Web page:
LI.FI announced that it has integrated Connext V2 (with the Amarok upgrade) into its stack. Users can now access cheap, fast, secure bridging on Jumper.exchange, whereas devs building x-chain with LI.FI can leverage xCalls (cross-chain contract calls) to perform complex cross-chain actions within the dApp.
Symbiosis launched the $SIS token, the governance token of its ecosystem, on BNB Chain. To celebrate the launch, Symbiosis conducted a retroactive airdrop, rewarding users who have:
a) Executed cross-chain swap with more than $100 volume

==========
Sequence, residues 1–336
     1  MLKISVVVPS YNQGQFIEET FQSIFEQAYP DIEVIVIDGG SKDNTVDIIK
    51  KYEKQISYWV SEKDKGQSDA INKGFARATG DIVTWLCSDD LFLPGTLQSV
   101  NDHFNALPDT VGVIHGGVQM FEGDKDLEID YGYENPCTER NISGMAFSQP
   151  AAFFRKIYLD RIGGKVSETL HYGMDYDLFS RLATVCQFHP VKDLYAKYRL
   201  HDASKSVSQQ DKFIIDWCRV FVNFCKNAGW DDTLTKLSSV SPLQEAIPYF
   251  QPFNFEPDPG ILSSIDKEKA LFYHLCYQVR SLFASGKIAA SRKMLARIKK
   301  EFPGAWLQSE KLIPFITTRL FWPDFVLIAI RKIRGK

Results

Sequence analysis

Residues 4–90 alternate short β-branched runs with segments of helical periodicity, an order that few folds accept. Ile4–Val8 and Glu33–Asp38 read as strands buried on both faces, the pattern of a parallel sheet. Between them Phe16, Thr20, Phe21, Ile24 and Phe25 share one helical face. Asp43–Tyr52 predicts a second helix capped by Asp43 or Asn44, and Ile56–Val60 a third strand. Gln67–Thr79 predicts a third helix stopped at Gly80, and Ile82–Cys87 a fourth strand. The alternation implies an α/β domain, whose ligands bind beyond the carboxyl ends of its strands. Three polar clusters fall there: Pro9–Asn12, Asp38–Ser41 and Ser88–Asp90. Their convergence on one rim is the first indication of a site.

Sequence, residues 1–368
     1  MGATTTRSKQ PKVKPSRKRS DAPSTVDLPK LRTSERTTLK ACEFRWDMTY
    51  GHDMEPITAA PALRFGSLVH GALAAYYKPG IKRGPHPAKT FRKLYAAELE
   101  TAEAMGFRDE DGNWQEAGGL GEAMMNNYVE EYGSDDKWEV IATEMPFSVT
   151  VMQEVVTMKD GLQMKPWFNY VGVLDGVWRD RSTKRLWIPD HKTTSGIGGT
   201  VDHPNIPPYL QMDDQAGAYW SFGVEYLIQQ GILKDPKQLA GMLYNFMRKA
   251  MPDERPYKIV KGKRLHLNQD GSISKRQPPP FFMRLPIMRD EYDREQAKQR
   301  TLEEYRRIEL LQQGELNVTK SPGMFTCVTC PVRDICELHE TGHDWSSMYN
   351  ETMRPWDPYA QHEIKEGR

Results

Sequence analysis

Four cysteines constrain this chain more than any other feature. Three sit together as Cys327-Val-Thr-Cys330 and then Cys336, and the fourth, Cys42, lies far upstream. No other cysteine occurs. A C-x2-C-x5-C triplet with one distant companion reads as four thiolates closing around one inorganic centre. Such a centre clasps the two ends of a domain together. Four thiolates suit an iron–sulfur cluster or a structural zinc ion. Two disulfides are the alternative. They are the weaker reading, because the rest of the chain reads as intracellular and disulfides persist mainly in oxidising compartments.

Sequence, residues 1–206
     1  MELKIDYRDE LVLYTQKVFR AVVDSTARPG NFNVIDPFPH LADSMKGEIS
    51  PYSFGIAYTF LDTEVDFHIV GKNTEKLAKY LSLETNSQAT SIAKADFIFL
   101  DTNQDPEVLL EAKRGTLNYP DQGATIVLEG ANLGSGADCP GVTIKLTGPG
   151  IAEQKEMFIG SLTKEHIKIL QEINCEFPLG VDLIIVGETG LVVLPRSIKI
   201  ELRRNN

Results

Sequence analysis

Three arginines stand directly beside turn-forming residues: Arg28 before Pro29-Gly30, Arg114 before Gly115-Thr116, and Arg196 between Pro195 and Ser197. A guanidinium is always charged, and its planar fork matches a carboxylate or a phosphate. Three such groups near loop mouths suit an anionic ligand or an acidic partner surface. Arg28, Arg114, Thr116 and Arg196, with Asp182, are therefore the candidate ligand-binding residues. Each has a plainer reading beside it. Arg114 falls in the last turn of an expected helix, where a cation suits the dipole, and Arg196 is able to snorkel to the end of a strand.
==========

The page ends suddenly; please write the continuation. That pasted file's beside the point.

b) On-chain swap users via OpenOcean
c) Top 50 holders of $OOE, $RBC, $RANGO, $LIME, $XDAO
Check your eligibility here.
Multi-Chain Ecosystem Updates
ERC-4337, Account Abstraction, a standard for adding smart contract functionality to wallets, is now live on Ethereum Mainnet.
Polygon released the Polygon ID infrastructure stack to " build a more equitable internet that places identity at the center of it.” The Polygon ID team announced 4 tools — Verifier SDK, Issuer Node, Wallet SDK, and Wallet App — designed to help devs easily integrate decentralized identity into their dApps.
Celer Network announced the Zero Knowledge Proof Development Framework. a community evaluation platform that seeks to provide comprehensive benchmark results for a wide variety of zero-knowledge-proof (ZKP) development frameworks. The platform aims to aid developers trying to find the best ZKP framework for their specific use cases and performance requirements. Read more.